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      Delete ‘Persons’, Insert ‘Information Processing Systems’: Art and the machinistic discourse of computationalism.

      1 , 2

      Politics of the Machines - Art and After (EVA Copenhagen)

      Digital arts and culture

      15 - 17 May 2018

      Artificial Intelligence, Computational Creativity, Machinistic Discourse

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          This paper focuses on explicit attempts at developing artificial intelligence in the production of art that generate outcomes similar to, or even technically superseding, the works of human artists. We aim at revealing the underlying discourses that equate art production with transformation of information, artists with input/output systems, and artistic creativity with an unlimited and autonomous generation of art-like outcomes. As a point of departure, we begin from an exposition of Margaret Boden’s account of creativity and proceed by examining different arguments to the effect that computers can be truly creative, primarily those offered by Boden (2004, 2010). We question what the assumptions, operative in the discourse on artificial or computational creativity, entail. AI-agents can produce creative outcomes because they implement our best models of creativity. By implementing these models, however, AI-agents evidence a particular understanding of what art is and what constitutes artistic production. This understanding does not fully conform to how contemporary artistic practices are perceived and valued. As a result, we argue, better models to frame artistic AI and computational creativity are needed to fully appreciate the developments in this field and their articulation within the existing art world.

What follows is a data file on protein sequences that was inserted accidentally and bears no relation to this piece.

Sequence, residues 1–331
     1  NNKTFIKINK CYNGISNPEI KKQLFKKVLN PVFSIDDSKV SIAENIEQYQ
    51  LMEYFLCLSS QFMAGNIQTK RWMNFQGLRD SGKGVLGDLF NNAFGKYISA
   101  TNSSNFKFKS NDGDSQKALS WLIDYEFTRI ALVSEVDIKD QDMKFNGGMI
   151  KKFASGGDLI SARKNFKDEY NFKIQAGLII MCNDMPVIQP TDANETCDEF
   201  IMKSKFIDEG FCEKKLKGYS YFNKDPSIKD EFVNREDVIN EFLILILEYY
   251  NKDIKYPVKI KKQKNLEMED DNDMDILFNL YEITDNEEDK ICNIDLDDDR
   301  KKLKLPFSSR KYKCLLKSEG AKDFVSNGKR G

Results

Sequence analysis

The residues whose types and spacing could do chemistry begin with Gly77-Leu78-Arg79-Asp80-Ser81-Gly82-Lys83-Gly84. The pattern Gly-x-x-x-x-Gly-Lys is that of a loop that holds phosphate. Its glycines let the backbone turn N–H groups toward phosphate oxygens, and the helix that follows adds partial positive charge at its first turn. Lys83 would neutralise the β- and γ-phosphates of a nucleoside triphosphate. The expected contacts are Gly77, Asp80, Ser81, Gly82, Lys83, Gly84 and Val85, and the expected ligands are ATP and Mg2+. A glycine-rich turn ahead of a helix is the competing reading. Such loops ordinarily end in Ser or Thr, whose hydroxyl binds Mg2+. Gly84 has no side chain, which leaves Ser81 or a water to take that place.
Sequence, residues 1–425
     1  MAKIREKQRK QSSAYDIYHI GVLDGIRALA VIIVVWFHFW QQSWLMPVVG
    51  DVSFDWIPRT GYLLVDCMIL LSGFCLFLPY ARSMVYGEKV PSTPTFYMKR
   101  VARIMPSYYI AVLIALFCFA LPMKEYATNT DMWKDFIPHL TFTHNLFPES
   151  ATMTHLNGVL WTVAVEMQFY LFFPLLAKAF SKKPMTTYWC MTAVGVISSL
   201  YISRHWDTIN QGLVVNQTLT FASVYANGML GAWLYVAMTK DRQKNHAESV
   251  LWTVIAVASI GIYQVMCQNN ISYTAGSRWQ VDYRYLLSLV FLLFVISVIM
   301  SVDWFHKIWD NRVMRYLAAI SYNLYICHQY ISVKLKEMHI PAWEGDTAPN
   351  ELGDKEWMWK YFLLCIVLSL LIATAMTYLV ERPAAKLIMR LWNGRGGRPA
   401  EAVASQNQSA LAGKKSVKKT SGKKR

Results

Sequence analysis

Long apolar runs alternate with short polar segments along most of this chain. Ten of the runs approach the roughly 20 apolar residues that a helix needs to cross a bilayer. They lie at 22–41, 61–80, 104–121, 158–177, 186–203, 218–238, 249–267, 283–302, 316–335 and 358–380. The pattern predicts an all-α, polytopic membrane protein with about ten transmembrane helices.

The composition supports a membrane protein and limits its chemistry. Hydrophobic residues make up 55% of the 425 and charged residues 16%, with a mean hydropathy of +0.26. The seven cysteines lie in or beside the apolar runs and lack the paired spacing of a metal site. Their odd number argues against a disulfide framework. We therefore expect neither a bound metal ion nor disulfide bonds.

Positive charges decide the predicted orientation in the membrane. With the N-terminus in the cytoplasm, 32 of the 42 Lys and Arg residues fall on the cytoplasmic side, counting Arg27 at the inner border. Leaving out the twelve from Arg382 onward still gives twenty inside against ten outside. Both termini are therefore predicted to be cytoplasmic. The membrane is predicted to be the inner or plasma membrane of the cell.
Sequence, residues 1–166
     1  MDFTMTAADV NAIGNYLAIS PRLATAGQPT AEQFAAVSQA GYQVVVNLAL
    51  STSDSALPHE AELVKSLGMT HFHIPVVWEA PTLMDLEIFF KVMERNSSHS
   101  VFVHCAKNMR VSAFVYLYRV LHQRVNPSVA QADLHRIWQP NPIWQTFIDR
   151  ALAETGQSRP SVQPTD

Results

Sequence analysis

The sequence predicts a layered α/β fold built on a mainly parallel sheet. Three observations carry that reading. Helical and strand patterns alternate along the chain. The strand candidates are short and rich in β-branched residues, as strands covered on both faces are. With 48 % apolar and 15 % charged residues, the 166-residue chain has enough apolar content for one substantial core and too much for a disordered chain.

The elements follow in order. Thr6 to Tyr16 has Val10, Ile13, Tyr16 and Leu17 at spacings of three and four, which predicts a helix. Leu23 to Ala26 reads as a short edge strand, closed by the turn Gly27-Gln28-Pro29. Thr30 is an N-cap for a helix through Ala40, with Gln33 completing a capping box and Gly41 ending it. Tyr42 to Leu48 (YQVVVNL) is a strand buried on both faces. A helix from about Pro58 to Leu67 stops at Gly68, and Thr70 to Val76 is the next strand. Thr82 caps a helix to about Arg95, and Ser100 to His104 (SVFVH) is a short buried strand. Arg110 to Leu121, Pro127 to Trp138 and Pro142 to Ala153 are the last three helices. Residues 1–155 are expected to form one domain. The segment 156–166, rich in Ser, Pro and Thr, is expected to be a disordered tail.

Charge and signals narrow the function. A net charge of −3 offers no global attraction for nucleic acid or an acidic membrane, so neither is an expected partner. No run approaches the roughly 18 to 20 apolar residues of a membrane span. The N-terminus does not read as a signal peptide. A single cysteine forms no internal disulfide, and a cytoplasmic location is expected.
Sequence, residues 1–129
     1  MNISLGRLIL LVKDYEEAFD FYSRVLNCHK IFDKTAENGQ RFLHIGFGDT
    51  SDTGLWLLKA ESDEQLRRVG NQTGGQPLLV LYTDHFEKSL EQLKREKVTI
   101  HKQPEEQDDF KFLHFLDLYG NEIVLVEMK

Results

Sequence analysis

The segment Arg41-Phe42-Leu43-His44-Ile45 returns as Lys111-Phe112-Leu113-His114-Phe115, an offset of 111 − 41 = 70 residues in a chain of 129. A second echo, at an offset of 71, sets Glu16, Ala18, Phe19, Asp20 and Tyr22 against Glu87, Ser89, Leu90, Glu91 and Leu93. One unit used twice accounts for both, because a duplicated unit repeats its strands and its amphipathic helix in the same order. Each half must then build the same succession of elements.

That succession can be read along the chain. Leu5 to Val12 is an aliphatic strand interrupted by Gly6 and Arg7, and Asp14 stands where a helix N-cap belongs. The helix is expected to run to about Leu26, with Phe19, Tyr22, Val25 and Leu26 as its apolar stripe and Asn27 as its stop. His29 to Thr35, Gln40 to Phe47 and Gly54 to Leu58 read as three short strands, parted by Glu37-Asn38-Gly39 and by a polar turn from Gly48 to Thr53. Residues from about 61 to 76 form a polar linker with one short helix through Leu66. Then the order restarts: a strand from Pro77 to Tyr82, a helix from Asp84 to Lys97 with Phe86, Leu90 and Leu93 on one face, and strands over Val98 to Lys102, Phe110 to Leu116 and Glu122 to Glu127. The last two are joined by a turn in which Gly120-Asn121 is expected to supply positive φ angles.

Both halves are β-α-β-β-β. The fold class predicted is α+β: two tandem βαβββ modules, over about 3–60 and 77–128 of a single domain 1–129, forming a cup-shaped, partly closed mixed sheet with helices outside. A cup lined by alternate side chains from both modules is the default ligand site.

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          Most cited references 11

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          The Machine as Artist: An Introduction

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            “Artificial Intelligence Research as Art.”

             S. WILSON,  S. Wilson (1995)
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              Art and Artificial Intelligence. Artificial Intelligence Blog

               GW Smith (2014)

                Author and article information

                May 2018
                May 2018
                : 1-6
                [1 ] Central European University

                Nádor u. 9, Budapest,

                1051 Hungary
                [2 ] Danube University Krems

                Dr.-Karl-Dorrek-Straße 30, 3500 Krems an der Donau, Austria
                © Suryna et al. Published by BCS Learning and Development Ltd. Proceedings of EVA Copenhagen 2018, Denmark

                This work is licensed under a Creative Commons Attribution 4.0 Unported License. To view a copy of this license, visit

                Politics of the Machines - Art and After
                EVA Copenhagen
                Aalborg University, Copenhagen, Denmark
                15 - 17 May 2018
                Electronic Workshops in Computing (eWiC)
                Digital arts and culture
                Product Information: 1477-9358BCS Learning & Development
                Self URI (journal page):
                Electronic Workshops in Computing


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